On "The Look of Love," from Casino Royale, Dusty Springfield's voice was richly articulated via the Philips, with a warm, stable focus to the dual trumpets, excellent detailing of left-right stereo imaging, and solid bass resolution. There seemed to be a bit more extension on the top and bottom through the CAL CL-20, but I suspect that the CAL might have a slightly hotter output. Turning the volume down one notch on the preamp seemed to confirm this, though the Philips still sounded slightly more laid-back on top, and didn't quite approach the CL-20's layering of sound.

Faralli's performance of John Cage's Cartridge Music begins with an enormous metallic transient and follows with a litany of bowed, scraped, and ratcheted sounds punctuated by long, expressive silences, resounding low-end interjections, and a panned conclusion involving breathing into water. The Philips' retrieval of the low-level information that defines space and venue was very good; imaging was rock-solid, as was the depiction of complex timbres and overtones, and it handled the bass transients with aplomb. The CAL still offered greater inner detail, blacker silences, and a more telling depiction of front-to-back dimensionality. However, the Philips' remote offered track-by-track access with the push of a single numerical button, whereas on the CAL I had to press Play, then skip, step by step, to track 7.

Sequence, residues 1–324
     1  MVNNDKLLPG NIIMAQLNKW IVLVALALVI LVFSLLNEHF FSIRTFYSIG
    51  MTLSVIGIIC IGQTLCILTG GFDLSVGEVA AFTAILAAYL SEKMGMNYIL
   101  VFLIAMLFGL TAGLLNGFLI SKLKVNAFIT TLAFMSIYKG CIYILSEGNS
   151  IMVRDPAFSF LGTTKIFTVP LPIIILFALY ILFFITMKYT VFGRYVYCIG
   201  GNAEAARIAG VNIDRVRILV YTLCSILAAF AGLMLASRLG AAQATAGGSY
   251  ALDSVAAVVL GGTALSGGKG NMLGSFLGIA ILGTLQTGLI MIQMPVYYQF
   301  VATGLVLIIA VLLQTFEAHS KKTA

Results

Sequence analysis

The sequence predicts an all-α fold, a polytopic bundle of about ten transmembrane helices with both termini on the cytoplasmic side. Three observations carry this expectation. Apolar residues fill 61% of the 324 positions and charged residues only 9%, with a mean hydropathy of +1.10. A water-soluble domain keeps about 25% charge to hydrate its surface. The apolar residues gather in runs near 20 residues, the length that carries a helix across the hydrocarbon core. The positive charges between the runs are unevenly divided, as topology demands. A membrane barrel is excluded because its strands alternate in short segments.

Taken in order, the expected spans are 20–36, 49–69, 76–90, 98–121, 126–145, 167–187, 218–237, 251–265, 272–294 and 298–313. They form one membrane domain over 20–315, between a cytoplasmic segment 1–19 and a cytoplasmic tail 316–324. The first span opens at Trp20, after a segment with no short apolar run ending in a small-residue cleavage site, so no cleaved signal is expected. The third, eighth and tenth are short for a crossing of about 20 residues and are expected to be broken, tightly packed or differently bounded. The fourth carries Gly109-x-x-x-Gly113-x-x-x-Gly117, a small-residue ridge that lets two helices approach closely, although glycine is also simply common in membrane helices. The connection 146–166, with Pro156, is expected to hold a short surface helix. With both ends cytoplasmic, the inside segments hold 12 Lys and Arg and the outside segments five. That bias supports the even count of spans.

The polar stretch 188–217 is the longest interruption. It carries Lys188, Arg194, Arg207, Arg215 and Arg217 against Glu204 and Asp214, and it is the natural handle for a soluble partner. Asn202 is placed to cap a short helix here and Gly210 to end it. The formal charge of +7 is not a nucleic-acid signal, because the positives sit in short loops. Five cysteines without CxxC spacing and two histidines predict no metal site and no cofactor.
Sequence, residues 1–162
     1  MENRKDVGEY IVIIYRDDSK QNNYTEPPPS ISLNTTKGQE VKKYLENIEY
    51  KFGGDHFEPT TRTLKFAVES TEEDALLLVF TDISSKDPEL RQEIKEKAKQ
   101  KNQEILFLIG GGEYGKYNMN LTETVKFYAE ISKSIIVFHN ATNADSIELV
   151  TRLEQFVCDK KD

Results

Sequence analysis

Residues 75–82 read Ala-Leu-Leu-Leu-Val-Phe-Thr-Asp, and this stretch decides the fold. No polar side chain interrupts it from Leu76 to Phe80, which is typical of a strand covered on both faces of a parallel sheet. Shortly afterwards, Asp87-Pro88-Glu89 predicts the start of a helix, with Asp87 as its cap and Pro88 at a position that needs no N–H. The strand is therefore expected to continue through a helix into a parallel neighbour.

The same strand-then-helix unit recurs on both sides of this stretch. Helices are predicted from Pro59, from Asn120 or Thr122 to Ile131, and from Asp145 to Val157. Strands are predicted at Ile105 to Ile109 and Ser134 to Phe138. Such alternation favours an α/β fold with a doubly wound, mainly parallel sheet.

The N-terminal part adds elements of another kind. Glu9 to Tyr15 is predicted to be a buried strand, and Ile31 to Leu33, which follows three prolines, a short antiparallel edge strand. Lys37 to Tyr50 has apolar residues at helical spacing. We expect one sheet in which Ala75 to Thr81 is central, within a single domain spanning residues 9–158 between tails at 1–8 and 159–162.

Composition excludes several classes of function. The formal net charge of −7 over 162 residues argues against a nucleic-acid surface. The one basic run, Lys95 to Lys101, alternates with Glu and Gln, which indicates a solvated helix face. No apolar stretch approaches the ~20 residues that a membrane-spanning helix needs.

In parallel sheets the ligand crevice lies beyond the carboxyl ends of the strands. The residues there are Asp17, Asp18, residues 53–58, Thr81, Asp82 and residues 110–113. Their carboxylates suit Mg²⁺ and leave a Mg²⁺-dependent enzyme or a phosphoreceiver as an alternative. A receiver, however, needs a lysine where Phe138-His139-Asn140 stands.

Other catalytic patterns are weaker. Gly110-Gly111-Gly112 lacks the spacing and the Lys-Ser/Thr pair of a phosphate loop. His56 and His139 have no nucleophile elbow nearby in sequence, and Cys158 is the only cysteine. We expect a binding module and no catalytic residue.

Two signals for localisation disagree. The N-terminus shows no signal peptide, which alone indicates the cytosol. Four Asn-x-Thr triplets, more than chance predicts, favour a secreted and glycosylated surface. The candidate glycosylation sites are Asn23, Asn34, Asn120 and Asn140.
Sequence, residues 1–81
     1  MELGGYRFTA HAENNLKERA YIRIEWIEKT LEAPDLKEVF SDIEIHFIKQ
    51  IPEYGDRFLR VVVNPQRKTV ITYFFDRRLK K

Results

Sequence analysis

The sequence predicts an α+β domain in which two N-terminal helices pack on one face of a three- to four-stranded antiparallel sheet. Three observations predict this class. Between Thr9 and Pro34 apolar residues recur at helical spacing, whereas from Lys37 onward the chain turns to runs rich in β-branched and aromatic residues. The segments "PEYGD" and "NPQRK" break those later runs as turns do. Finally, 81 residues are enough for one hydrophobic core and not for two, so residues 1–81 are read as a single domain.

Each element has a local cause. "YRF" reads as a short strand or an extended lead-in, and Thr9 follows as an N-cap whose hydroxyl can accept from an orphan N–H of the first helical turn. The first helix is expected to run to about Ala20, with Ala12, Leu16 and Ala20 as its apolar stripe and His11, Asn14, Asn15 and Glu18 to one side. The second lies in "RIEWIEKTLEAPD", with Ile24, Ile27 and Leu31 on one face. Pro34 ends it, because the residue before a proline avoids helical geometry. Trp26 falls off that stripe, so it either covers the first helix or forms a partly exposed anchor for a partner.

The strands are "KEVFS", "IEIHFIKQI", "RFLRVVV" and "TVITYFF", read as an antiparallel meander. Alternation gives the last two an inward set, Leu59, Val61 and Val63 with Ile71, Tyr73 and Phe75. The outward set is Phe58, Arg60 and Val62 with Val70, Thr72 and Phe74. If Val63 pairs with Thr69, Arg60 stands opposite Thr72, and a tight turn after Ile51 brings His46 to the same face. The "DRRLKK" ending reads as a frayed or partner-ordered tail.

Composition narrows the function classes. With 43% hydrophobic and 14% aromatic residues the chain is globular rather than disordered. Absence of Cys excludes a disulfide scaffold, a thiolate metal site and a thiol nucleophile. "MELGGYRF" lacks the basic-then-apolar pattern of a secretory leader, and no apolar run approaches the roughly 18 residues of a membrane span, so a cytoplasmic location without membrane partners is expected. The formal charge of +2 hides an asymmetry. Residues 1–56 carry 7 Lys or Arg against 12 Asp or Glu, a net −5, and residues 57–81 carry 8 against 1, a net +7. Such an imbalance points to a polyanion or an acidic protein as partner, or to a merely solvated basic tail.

On the Mozart, the Philips' rhythm and pacing were quite good; it accurately depicted all spatial cues associated with a symphony orchestra and an opera (such as the dueling left-right violin sections, and the way it tracked Tamino's "Zu Hilfe! Zu Hilfe!" as the tenor wandered about the stage, from left to center to right). There was also a silky, inviting quality to the strings and voices—especially welcome on soprano Luciana Serra's unbelievable passages during the aria "O zittre nicht, mein lieber Sohn!" which might otherwise melt your eyeballs with its high-frequency glare. Again, the CL-20 trumped the SACD1000 in depicting that nth degree of detail and resolution, which translated into transparency and distinction between individual voices.